We continue our Lenten journey with joy. We give space to prayer and to the Word of God, which the liturgy offers us abundantly in these days. The Virgin Mary teaches us to stay with Jesus even when we do not understand it and do not understand it. Because only by remaining with Him will we see his glory.
After the Angelus

Dear brothers and sisters,

these days, to the pain of wars and conflicts that continue to afflict all of humanity, we have added the one for the victims of the horrific attack against two mosques in Christchurch, New Zealand I pray for the dead and the wounded and their families. I am close to our Muslim brothers and to that whole community. I renew the invitation to unite with prayer and gestures of peace to combat hatred and violence. Let us pray together, in silence, for our Muslim brothers who have been killed.

I address a cordial greeting to all of you present here: faithful of Rome and of many parts of the world. I greet the pilgrims from Poland, those from Valencia in Spain, and those from Cajazeiras in Brazil and Benguela from Angola. How many Angolans!

I greet the parish groups coming from Verona, Quarto di Napoli and Castel del Piano in Perugia; the students of Corleone, the altar boys of Brembo in Dalmine and the association "Uno a Cento" of Padua.
I wish you all a good Sunday. Please don't forget to pray for me. Good lunch and goodbye!

Novena to St. Patrick SHARE this Miracle Prayer with your Friends! #StPatrick

Novena Prayer to St. Patrick: (say for 9 days)

Blessed saint Patrick, glorious Apostle of Ireland, who didst become a friend and father to me for ages before my birth, hear my prayer and accept, for God, the sentiments of gratitude and veneration with which my heart is filled. Through thee I have inherited that faith which is dearer than life. I now make thee the representative of my thanks, and the mediator of my homage to Almighty God. Most holy Father and patron of my country, despise not my weakness; remember that the cries of little children were the sounds that rose, like a mysterious voice from heaven, and invited thee to come amongst us. Listen, then, to my humble supplication; may my prayer ascend to the throne of God, with the praises and blessings which shall ever sanctify thy name and thy memory.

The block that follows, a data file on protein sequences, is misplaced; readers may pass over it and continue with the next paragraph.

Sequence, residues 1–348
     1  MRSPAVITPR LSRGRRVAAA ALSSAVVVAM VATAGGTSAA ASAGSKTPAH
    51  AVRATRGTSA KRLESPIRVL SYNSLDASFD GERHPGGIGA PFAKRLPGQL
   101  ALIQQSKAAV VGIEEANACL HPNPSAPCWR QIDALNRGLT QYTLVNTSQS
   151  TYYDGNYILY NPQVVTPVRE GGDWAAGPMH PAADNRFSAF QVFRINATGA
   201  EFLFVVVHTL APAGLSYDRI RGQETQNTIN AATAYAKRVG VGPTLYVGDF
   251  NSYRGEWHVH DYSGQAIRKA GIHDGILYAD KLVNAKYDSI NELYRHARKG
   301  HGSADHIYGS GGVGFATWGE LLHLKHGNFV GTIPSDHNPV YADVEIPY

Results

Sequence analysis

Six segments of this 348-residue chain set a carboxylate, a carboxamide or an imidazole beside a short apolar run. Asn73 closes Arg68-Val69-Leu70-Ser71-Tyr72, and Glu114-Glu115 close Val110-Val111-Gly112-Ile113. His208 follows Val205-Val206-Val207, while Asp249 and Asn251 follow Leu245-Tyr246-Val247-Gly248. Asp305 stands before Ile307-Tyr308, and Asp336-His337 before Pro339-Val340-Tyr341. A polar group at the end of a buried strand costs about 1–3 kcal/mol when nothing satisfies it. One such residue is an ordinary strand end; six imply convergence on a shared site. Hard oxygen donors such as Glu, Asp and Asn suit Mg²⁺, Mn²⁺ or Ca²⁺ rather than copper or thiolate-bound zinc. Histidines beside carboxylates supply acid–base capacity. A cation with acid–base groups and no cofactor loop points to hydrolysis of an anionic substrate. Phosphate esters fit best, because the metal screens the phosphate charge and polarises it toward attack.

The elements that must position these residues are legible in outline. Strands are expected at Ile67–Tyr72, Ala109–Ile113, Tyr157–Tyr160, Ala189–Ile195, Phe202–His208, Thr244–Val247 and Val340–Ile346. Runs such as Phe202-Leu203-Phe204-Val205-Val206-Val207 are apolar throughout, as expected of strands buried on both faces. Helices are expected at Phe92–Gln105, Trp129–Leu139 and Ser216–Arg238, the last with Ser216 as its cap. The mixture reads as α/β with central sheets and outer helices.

May my hope be animated by the patronage and intercession of our forefathers, who now enjoy eternal bliss and owe their salvation, under God, to thy courage and charity. Obtain for me grace to love God with my whole heart, to serve him with my whole strength, and to persevere in good purposes to the end, o faithful shepherd of the Irish flock, who wouldst have laid down a thousand lives to save one soul, take my soul, and the souls of my countrymen, under thy special care. Be a father to the Church of Ireland and her faithful people.
Grant that all hearts may share the blessed fruits of that Gospel thou didst plant and water. Grant that, as our ancestors of old had learned, under thy guidance, to unite science with virtue, we too, may learn, under thy patronage, to consecrate all Christian duty to the glory of God. I commend to thee my native land, which was so dear to thee while on earth. Protect it still, and, above all, direct its chief pastors, particularly those who teach us. Give them grace to walk in thy footsteps, to nurture the flock with the word of life and the bread of salvation, and to lead the heirs of the Saints thou hast formed to the possession of that glory which they, with Thee, enjoy in the kingdom of the Blessed: through Christ Jesus, our Lord. Amen. V. Pray for us, O glorious saint Patrick. R. And obtain for us the intention of this Novena. Say 1 Our Father, 1 Hail Mary and 1 Glory Be each day of the Novena.